Fit Games - Outcome B (K-3)-3
Students can experience
fitness through a variety of games. Each of the following games
focuses on a different component of fitness. These activities can
be adapted to focus on strength, endurance, flexibility or cardiorespiratory
students start this activity, ask them to put their hand flat on
their chest to feel their heart beat.
a series of tag games with each game lasting approximately 3 minutes.
Every three minutes, change the locomotor pattern and ask students
to reflect on their level of exertion, by placing their hand on
their heart again and talking about what is happening.
Play "Frozen Tag" while running. Every few minutes switch to an
alternate movement pattern such as hopping on one foot, skipping,
galloping, leaping, walking with very large steps or walking laterally.
students create an obstacle course in the gym. They are to propel
themselves through the course on scooter boards, using only their
arms. Encourage challenging activities like pulling themselves along
a "vine". (The vine is a long skipping rope held at waist height
or lower, by two people. The length of the "vine" should be reflective
of their strength levels.) The participants lie on their backs on
the scooters and attempt to pull themselves along the vine by pulling
arm over arm. Other activities could include a "coconut throw"
(using foam-filled balls) to hit targets . They can "swim" through
a series of cones by lying on their stomachs and using their arms
to propel themselves. Using plungers for propulsion, "paddle" down
the Amazon River. Or while seated, using legs only and miming a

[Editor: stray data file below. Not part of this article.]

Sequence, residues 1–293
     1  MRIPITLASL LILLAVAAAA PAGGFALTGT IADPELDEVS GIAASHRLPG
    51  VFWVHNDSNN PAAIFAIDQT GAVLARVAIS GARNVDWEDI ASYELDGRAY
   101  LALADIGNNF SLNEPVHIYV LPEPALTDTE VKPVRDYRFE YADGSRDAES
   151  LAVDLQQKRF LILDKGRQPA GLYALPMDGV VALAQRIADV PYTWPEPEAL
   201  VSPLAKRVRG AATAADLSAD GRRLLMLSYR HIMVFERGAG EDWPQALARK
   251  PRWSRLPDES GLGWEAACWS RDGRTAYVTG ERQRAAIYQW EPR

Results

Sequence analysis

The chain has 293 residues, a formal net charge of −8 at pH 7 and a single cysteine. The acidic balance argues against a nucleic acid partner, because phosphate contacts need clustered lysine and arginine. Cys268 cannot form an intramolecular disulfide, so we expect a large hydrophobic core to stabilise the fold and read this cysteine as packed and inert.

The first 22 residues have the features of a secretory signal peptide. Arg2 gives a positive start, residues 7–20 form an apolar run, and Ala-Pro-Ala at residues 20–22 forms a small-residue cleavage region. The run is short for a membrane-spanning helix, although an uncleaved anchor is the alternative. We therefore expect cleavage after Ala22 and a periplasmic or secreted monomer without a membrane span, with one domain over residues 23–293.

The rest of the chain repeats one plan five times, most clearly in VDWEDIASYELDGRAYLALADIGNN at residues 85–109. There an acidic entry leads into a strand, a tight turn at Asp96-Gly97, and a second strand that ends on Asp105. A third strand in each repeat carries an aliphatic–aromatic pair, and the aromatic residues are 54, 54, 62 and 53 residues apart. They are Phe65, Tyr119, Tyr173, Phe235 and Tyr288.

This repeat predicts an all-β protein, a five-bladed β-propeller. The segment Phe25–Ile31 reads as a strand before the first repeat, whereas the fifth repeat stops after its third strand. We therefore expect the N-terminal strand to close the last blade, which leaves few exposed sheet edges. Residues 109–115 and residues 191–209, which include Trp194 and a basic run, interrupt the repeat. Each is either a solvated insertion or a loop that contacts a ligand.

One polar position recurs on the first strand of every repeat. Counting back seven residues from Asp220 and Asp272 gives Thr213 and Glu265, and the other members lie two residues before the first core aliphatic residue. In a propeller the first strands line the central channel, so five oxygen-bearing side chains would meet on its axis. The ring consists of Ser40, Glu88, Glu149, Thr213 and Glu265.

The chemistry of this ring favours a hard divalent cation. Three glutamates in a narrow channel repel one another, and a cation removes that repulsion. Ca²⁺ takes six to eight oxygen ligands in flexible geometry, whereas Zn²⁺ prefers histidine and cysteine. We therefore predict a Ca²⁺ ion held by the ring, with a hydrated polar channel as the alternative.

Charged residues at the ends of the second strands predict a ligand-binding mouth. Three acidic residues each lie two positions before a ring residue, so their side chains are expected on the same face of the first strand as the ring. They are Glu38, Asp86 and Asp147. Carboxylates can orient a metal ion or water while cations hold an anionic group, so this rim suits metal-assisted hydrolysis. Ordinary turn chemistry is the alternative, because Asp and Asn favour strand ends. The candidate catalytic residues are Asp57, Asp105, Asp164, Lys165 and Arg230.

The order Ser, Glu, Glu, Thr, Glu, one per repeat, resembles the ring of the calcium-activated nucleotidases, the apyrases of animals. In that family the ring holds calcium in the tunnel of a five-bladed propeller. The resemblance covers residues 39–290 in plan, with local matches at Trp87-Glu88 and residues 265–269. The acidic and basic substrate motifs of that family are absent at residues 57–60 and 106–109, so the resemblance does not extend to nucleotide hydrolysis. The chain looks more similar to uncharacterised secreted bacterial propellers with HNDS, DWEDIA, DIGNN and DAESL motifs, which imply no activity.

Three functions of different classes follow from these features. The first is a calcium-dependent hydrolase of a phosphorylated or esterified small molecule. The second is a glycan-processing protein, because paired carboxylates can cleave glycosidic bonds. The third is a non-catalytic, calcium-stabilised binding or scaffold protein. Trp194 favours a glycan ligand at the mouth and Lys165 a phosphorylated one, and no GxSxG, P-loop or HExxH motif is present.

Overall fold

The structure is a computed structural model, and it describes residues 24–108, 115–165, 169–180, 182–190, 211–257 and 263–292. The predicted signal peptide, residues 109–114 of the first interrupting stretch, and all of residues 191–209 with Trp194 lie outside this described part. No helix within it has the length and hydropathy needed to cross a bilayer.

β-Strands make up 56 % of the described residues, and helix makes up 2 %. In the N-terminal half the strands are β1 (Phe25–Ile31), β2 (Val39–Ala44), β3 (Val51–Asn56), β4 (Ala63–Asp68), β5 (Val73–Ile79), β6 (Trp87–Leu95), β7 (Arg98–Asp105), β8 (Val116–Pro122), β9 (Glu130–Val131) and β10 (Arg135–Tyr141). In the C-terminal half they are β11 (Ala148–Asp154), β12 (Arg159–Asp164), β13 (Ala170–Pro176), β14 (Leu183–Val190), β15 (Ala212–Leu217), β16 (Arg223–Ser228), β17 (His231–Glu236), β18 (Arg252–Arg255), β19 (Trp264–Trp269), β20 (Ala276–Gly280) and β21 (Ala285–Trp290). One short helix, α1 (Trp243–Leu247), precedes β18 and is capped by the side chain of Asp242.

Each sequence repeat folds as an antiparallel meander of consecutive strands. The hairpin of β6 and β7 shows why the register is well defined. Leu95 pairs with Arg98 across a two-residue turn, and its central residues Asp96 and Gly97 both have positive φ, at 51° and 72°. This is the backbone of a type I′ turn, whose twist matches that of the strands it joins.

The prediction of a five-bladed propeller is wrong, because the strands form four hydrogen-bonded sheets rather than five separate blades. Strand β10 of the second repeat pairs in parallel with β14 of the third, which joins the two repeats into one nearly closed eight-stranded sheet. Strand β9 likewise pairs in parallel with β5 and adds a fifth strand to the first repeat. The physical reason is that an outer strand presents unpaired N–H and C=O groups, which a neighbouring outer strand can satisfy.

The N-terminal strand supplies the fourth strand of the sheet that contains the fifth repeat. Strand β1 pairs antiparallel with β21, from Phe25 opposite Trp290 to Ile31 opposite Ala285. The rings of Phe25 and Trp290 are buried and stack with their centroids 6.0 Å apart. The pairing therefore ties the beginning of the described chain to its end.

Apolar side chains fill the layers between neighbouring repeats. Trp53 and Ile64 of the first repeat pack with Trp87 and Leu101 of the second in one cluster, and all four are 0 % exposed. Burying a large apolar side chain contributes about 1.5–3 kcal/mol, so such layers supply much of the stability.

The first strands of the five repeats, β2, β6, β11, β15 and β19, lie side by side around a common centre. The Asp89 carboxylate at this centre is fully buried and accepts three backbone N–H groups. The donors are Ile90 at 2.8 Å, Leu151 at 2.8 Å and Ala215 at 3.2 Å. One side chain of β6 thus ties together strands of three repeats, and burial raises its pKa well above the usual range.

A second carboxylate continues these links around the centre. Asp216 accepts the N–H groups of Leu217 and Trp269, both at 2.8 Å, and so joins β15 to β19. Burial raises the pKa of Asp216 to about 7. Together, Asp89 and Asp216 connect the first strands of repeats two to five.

rowing action, row through a course of pylons.
playing a rolling target game such as bowling or bocci, stress to
students the importance of taking a large step and releasing the
ball by stretching toward the target. After rolling the ball to
the target, students move to gather the balls by being inchworms.
An inchworm starts with its body stretched out on the floor in a
front support position (think push up!). It moves by walking its
feet toward its hands until it can't get any closer comfortably.
Then it walks its hands away from its feet until it is once again
in a front support position. As it moves its feet towards its hands,
it keeps its knees slightly bent, not locked straight.
animal walks include an alligator (from a front prone position,
move both the leg and arm from the same side at the same time),
horse or dog.
After all the games
have been played, some discussion questions you could ask
- How did your
body feel when playing the games?
- Did your body
- What happened
to your heart beat?
- Did your breathing
the three games, which were easier? Which were harder?
you play any of the games at home or in recess?
- Why or Why not?
- What would
make the games more fun?
the students review a list of activities taken from the Guide
to Implementation, Physical Education K-12, or have students
list some of their favourite activities. Which fitness component
does each activity focus on? Choose three activities that
focus on the three components of fitness - endurance, strength